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July 19, 2009
An old England favourite made an unexpected reappearance today. The team huddle, such a notable feature of Michael Vaughan's unparalleled era of captaincy, had been put into mothballs by Kevin Pietersen last summer, as part of an attempt to freshen up the team's onfield mindset. Eleven months on, Andrew Strauss brought it back into use in an impromptu time-out, but the message his urgent exhortations gave off weren't exactly reassuring to those out of earshot.
The situation for England was beginning to feel critical. The new ball was due and the light was beginning to fade, but Michael Clarke and Brad Haddin had batted with such ease and obduracy in a 159-run stand that a target of 522 was looking as puny as England's performance at Cardiff last week, where the same two batsmen both made substantial scores to carry Australia to a vast total of 674 for 6 declared.
Suddenly a wave of anxiety began to sweep through another packed house at Lord's. Surely there could not be a twist in the tale of a performance in which England had dominated since day one. "I wasn't on the field at that time," said Graeme Swann, who had been cleaning some mud off his spinning finger - apparently. "I can understand how some people may view it as a negative thing, but I can only assume it was a bit of a rallying cry - we've got the new ball and let's make it count."
Whatever it was, it did not have the desired effect. By the close, six new-ball overs had conceded 26 runs for no breakthroughs, and the final-day equation was starting to take on eerily familiar proportions. Hard as one tries to avoid harking back to 2005, the intensity of this series, and the inexorable progress that Australia have made through adversity, brings to mind those seismic events on the fourth and final day at Edgbaston four years ago.
Not for everyone, mind you, because while English cricketers and supporters can't help but veer towards pessimism at each and every nail-shredding moment, Australia's only motivation is the creation of another notch of history. "'05 is well and truly gone," said their coach, Tim Nielsen. "It's the history of the Australian cricket team that helps us. We have only spoken about winning the game and once you get into the position you're in now, or even when you're 520, the players make the decisions down on the ground about the best way to go about it.
"Ricky [Ponting] mentioned it at the start," said Nielsen. "There's nowhere he'd rather be than here, with people not believing we could win, with us having this opportunity. Once again we've shown that when our backs are against the wall, good players will stand up and we feel we are good players under pressure."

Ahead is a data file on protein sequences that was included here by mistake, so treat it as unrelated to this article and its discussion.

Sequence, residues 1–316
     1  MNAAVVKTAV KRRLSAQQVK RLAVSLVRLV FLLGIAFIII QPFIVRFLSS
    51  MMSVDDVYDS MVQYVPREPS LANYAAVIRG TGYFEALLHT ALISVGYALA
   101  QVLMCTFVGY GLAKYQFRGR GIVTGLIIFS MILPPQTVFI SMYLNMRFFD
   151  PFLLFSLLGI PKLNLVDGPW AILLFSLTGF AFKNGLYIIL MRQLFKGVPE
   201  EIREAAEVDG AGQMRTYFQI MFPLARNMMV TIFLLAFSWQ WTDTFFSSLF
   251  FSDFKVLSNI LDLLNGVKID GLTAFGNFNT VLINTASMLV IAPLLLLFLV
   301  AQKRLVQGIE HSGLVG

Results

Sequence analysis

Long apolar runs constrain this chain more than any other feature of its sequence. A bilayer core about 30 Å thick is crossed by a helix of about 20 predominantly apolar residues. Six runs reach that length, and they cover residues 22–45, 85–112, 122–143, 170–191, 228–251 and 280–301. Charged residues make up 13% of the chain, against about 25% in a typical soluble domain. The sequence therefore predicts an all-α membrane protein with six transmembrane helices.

Australia's indomitable spirit has refused to be crushed in the absence of so many of the men who made them great over the past decade. "It's the great thing about playing Test cricket," said Nielsen. "The guys are excited about playing against the best, and at the moment it's a great contest. There's a feeling of opportunity, and sometimes you can come to a Test match and you don't need a scoreboard like we have tonight to be excited."
England's excitement, however, manifests itself rather differently, as Swann candidly admitted. "We're English, we get nervous about anything," he said. "Your football team could be 4-0 up at half-time and you daren't watch the second half. But I wouldn't say it's panic. I don't think you panic until it gets like that Edgbaston Test a few years ago, when you're counting the balls down, they need ten to win, and you're bowling full tosses. There wasn't panic out there, but there was obviously frustration, because it was a very good partnership."
With 209 runs still required, five wickets still in hand, and the weather set fair for an entire day's batting, the chances are that this match will head closer to the wire than anyone could have anticipated when Australia set off in pursuit of a total that is 104 runs higher than any successful chase in history. For the moment, however, Swann is determined to savour the contest, rather than get bogged down in the anxieties that come with such finely balanced positions.
"It's going to be a great day's cricket," he said, just as the final day at Cardiff proved to be last week. England feared the worst on that occasion as well, but ended up getting the best they could hope for.
"It wouldn't be the Ashes if it wasn't like that," he said. "But I'm just glad that these first two Test matches are living up to the 2005 billing. The worst thing for me would be to play in my first Ashes, and for it to be a pile of ****."
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